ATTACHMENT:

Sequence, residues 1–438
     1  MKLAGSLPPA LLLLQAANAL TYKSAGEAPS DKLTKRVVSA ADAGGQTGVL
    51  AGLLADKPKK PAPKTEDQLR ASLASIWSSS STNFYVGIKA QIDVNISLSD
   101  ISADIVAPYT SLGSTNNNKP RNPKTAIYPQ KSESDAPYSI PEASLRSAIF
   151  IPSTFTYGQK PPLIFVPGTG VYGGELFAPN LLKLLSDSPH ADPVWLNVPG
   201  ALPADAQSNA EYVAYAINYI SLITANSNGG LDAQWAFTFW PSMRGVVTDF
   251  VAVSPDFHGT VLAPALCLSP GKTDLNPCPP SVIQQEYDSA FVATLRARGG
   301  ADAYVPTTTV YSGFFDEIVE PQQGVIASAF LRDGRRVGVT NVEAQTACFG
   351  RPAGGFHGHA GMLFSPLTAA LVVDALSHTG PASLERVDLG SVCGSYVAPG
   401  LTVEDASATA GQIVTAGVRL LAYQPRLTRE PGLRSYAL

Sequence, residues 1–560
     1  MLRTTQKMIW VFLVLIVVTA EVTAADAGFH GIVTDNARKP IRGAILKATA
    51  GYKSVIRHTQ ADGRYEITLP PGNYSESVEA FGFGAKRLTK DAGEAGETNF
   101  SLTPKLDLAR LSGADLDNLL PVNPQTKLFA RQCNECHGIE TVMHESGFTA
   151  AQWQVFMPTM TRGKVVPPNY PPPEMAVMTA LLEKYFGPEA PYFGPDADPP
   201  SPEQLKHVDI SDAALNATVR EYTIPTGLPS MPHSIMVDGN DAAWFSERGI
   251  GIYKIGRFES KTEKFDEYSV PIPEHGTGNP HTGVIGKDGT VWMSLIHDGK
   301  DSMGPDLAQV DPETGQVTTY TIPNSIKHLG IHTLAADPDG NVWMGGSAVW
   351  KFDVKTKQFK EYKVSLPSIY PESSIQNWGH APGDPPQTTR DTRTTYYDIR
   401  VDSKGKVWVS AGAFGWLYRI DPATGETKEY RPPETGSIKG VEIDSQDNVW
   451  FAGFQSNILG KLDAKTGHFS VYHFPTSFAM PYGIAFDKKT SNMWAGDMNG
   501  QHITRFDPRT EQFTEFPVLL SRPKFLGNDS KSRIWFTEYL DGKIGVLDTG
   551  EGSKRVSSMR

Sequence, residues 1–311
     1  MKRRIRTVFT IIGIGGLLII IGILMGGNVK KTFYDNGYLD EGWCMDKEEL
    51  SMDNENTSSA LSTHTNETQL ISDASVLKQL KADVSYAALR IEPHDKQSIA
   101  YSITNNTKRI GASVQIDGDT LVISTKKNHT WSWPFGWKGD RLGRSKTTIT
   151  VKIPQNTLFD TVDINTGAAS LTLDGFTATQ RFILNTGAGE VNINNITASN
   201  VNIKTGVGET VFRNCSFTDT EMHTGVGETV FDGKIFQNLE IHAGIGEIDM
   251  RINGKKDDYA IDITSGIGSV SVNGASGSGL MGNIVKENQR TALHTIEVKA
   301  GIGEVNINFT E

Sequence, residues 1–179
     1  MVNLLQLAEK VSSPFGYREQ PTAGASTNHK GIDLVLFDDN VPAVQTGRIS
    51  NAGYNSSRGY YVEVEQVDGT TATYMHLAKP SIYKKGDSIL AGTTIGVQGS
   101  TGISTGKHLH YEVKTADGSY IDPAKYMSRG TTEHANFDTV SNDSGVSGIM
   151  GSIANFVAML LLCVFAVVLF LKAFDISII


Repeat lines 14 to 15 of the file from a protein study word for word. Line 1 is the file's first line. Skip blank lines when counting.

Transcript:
   101  SLTPKLDLAR LSGADLDNLL PVNPQTKLFA RQCNECHGIE TVMHESGFTA
   151  AQWQVFMPTM TRGKVVPPNY PPPEMAVMTA LLEKYFGPEA PYFGPDADPP